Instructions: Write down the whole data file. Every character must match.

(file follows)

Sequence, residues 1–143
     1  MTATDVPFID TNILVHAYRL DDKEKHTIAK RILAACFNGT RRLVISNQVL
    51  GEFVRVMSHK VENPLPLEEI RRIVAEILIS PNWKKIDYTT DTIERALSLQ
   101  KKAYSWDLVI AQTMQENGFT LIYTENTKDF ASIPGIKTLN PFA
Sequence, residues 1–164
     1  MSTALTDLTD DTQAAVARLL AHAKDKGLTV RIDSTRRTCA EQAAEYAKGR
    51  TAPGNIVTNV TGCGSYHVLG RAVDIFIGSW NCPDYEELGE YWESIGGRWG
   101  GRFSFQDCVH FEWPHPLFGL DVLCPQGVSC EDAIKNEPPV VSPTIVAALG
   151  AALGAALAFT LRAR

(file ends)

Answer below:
Sequence, residues 1–143
     1  MTATDVPFID TNILVHAYRL DDKEKHTIAK RILAACFNGT RRLVISNQVL
    51  GEFVRVMSHK VENPLPLEEI RRIVAEILIS PNWKKIDYTT DTIERALSLQ
   101  KKAYSWDLVI AQTMQENGFT LIYTENTKDF ASIPGIKTLN PFA
Sequence, residues 1–164
     1  MSTALTDLTD DTQAAVARLL AHAKDKGLTV RIDSTRRTCA EQAAEYAKGR
    51  TAPGNIVTNV TGCGSYHVLG RAVDIFIGSW NCPDYEELGE YWESIGGRWG
   101  GRFSFQDCVH FEWPHPLFGL DVLCPQGVSC EDAIKNEPPV VSPTIVAALG
   151  AALGAALAFT LRAR